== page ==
Markets were mixed on Monday.
Early in the day, the Nikkei 225 jumped 1.7 percent and the Shanghai Composite Index surged 1.8 percent.
However, the STOXX Europe 600 rose just 0.7 percent while the S&P 500 slipped 0.1 percent.
The yield on the US 10-year Treasury note fell to 1.963 percent from 1.977 percent on Friday while US crude oil fell 3.4 percent.
US stock-trading volumes hit their lowest level of the year on Monday. The weak volume comes in a period where corporate share buybacks have been the main source of demand for stocks as mutual and exchange-traded funds have been hit with outflows at almost the fastest rate ever.
The pullback from the stock market could be part of a turn in the credit cycle.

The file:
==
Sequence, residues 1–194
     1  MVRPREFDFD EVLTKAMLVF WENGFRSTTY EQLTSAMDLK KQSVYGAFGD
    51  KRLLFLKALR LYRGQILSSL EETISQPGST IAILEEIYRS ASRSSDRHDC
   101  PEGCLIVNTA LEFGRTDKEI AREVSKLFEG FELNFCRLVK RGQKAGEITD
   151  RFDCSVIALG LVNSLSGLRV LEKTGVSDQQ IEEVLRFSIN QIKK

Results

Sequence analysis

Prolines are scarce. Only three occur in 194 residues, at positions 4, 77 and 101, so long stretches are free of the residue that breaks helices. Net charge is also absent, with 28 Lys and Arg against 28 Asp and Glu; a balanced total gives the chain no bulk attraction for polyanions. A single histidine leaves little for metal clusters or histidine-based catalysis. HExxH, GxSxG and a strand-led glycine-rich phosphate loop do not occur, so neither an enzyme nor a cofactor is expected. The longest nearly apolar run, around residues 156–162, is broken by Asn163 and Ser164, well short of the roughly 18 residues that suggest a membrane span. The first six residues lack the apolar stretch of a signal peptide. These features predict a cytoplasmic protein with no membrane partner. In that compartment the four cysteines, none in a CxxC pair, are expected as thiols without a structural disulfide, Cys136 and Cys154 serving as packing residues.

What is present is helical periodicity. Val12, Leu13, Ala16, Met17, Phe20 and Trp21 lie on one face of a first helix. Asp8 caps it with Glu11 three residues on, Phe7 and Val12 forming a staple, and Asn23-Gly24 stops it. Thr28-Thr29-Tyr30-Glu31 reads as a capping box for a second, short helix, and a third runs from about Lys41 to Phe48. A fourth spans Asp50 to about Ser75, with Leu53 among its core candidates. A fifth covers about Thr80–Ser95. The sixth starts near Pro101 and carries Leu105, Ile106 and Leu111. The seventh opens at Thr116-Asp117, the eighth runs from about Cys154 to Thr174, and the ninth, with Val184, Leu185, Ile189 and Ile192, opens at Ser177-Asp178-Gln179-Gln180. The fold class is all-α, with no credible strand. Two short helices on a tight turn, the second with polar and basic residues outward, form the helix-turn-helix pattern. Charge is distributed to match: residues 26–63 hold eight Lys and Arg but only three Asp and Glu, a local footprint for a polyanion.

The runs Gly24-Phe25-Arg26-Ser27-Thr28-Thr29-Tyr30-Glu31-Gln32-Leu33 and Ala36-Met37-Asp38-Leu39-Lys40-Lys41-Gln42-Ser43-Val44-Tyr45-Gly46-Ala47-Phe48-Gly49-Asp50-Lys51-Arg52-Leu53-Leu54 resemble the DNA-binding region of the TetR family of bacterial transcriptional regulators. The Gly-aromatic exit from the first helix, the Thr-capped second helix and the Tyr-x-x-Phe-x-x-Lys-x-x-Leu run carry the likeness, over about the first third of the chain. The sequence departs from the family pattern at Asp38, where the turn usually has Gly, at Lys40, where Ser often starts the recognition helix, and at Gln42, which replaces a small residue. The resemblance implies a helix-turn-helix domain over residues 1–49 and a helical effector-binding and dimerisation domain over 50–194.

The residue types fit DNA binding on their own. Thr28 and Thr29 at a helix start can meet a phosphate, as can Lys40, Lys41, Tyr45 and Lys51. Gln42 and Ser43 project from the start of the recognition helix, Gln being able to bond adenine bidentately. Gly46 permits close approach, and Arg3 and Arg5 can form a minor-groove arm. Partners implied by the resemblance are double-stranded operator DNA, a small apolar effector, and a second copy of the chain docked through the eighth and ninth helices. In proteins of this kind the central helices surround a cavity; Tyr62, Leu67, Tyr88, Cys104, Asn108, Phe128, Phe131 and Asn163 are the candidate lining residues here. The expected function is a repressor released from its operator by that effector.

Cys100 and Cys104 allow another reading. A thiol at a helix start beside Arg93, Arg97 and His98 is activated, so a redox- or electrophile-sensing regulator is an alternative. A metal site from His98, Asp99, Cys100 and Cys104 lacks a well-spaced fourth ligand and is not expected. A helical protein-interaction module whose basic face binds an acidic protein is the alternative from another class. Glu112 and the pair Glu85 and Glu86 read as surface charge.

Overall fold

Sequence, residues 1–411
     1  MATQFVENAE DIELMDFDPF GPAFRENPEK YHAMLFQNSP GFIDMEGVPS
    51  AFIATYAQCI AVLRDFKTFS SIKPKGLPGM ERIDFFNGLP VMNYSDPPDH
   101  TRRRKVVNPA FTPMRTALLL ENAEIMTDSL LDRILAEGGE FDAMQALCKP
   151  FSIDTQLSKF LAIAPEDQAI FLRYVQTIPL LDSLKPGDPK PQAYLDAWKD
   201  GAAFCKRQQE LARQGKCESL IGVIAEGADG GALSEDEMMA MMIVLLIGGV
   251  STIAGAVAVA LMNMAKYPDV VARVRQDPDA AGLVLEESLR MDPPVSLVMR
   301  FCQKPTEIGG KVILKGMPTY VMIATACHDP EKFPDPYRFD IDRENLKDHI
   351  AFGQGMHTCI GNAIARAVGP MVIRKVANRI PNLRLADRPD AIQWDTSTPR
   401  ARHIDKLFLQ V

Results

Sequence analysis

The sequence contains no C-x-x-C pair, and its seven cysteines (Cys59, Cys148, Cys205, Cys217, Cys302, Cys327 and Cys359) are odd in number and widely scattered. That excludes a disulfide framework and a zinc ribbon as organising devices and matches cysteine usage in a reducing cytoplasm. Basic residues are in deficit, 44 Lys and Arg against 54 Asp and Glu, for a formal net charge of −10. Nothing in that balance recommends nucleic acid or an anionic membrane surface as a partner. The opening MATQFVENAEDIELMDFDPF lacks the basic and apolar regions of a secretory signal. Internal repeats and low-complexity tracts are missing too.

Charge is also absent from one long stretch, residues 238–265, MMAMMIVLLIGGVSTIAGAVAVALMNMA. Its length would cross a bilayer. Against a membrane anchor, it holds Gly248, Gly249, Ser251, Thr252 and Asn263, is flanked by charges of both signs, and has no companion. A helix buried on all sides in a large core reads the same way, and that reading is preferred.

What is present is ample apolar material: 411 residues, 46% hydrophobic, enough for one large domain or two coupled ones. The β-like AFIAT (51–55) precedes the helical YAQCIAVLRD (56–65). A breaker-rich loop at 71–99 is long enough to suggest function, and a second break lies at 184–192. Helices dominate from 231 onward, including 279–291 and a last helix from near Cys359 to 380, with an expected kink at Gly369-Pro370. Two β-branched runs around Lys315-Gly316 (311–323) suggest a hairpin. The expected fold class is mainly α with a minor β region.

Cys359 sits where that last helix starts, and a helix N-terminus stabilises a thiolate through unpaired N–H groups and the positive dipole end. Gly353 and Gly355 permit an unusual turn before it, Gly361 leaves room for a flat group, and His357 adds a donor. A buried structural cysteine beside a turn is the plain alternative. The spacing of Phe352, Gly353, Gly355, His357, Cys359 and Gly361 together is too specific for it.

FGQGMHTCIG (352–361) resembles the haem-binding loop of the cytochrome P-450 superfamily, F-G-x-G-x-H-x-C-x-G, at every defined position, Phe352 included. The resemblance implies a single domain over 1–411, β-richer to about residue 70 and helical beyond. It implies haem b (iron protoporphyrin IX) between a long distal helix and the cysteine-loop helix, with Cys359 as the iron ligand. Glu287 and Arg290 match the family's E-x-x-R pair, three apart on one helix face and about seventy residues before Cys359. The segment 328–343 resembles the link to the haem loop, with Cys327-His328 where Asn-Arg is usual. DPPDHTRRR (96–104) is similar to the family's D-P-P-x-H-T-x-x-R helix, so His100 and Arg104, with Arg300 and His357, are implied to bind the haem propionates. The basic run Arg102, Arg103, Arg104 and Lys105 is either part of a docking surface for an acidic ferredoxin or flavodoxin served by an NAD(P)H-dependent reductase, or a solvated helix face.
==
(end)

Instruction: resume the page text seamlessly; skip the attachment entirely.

"There has been a significant and, in our view, structural contraction in supply for all borrowers aside from U.S. high grade entities," wrote UBS strategist Matthew Mish.
Mish added in particular that lending conditions may have become "dangerously easy at non-banks".
A turn in the credit cycle would suggest that central bank easing is in the offing, which could encourage some investors to return to the stock market.
However, some analysts doubt that central banks can continue to prop up markets.
"Central banks hold a declining number of less effective policy tools," wrote Andrew Sheets, head of cross-asset strategy at Morgan Stanley. "Their latest foray, negative rates, may do more harm than good."
JP Morgan Chase chief market strategist Jan Loeys wrote: "Part of our equity bearishness is that we share investor concerns about the lack of 'ammo' in central bank arsenals that will be needed to battle adverse shocks."